Computing Community Consortium Blog

The goal of the Computing Community Consortium (CCC) is to catalyze the computing research community to debate longer range, more audacious research challenges; to build consensus around research visions; to evolve the most promising visions toward clearly defined initiatives; and to work with the funding organizations to move challenges and visions toward funding initiatives. The purpose of this blog is to provide a more immediate, online mechanism for dissemination of visioning concepts and community discussion/debate about them.

20 Years Later, “Search Needs a Shake-Up”

August 8th, 2011 / in big science, research horizons / by Erwin Gianchandani

Search Needs a Shake-Up [image courtesy Jonathan Burton via Nature; reprinted by permission from Macmillan Publishers Ltd: Nature 476, 25-26 (04 August 2011), copyright 2011].In a Comment in the Aug. 4 issue of Nature — coinciding with the 20th anniversary of the public release of the World Wide Web — Oren Etzioni, Professor and Director of the Turing Center at the University of Washington, calls on the computing research community to “think outside the keyword box and improve Internet” search.

Two decades after Internet pioneer Tim Berners Lee introduced his World Wide Web project to the world using the alt.hypertext newsgroup, web search is on the cusp of a profound change — from simple document retrieval to question answering. Instead of poring over long lists of documents that contain requested keywords, users need direct answers to their questions. With sufficient scientific and financial investment, we could soon view today’s keyword searching with the same nostalgia and amusement reserved for bygone technologies such as electric typewriters and vinyl records.


But this transformation could be unreasonably delayed. As a community, computer scientists have underinvested in tools that can synthesize sophisticated answers to questions, and have instead focused on incremental progress in lowest-common-denominator search. The classic keyword search box exerts a powerful gravitational pull. Academics and industry researchers need to achieve the intellectual ‘escape velocity’ necessary to revolutionize search. They must invest much more in bold strategies that can achieve natural-language searching and answering, rather than providing the electronic equivalent of the index at the back of a reference book.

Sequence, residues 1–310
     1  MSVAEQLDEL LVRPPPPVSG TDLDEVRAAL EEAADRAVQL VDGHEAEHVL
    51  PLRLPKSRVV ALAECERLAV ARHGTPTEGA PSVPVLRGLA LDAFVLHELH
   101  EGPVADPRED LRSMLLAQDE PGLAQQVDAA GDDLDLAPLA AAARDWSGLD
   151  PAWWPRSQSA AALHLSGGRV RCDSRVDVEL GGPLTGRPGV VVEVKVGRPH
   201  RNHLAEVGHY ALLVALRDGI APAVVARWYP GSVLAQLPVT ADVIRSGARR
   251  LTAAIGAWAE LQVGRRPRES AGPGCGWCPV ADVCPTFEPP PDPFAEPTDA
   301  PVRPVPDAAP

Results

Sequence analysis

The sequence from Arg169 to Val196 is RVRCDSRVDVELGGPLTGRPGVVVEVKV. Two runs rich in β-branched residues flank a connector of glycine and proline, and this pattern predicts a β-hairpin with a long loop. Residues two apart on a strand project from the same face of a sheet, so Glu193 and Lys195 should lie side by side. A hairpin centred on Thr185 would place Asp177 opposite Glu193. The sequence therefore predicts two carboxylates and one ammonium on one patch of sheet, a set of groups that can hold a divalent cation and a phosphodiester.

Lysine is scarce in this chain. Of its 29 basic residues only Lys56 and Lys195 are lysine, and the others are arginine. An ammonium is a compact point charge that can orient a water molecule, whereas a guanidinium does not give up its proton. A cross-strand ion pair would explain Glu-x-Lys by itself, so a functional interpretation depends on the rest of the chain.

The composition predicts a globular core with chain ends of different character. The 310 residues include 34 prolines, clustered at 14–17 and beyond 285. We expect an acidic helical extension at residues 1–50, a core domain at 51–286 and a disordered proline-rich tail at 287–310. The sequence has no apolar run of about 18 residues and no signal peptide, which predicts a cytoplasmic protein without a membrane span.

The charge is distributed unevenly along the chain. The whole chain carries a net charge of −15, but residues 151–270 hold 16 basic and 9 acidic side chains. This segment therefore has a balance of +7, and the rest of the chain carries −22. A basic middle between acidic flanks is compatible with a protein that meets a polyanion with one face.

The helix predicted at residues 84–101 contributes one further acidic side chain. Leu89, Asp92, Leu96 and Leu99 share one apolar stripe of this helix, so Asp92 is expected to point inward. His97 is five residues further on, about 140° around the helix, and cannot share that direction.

Read more after the jump…

Etzioni argues that we need to be more ambitious and imaginative:

Much more research has to be done to improve information-extraction systems… Their abilities need to be extended from being able to infer relations expressed by verbs to those expressed by nouns and adjectives. Information is often qualified by its source, intent and the context of previous sentences. The systems need to be able to detect those, and other, subtleties. Finally, automated methods have to be mapped to a broad set of languages, many of which pose their own idiosyncratic challenges.


The main obstacle to the paradigm shift from information retrieval to question answering seems to be a curious lack of ambition and imagination. Much of the research on natural language processing is focused on limited tasks, such as recovering the syntactic structure of sentences rather than trying to uncover their meaning, or on methods that do not scale to massive corpora and arbitrary topics because of their reliance on manually-annotated data, or on algorithms whose computation grows explosively with the amount of text involved.


General-purpose question-answering systems will be a boon to scientists searching the literature, and to the increasing number of us who access the web’s richness through a mobile phone with a tiny screen that necessitates concise responses. Without it, we risk drowning in the growing sea of information.


[Reprinted by permission from Macmillan Publishers Ltd: Nature 476, 25-26 (04 August 2011), copyright 2011.]

Read the full Comment here — and share your thoughts below.

(Contributed by Erwin Gianchandani, CCC Director)

20 Years Later, “Search Needs a Shake-Up”

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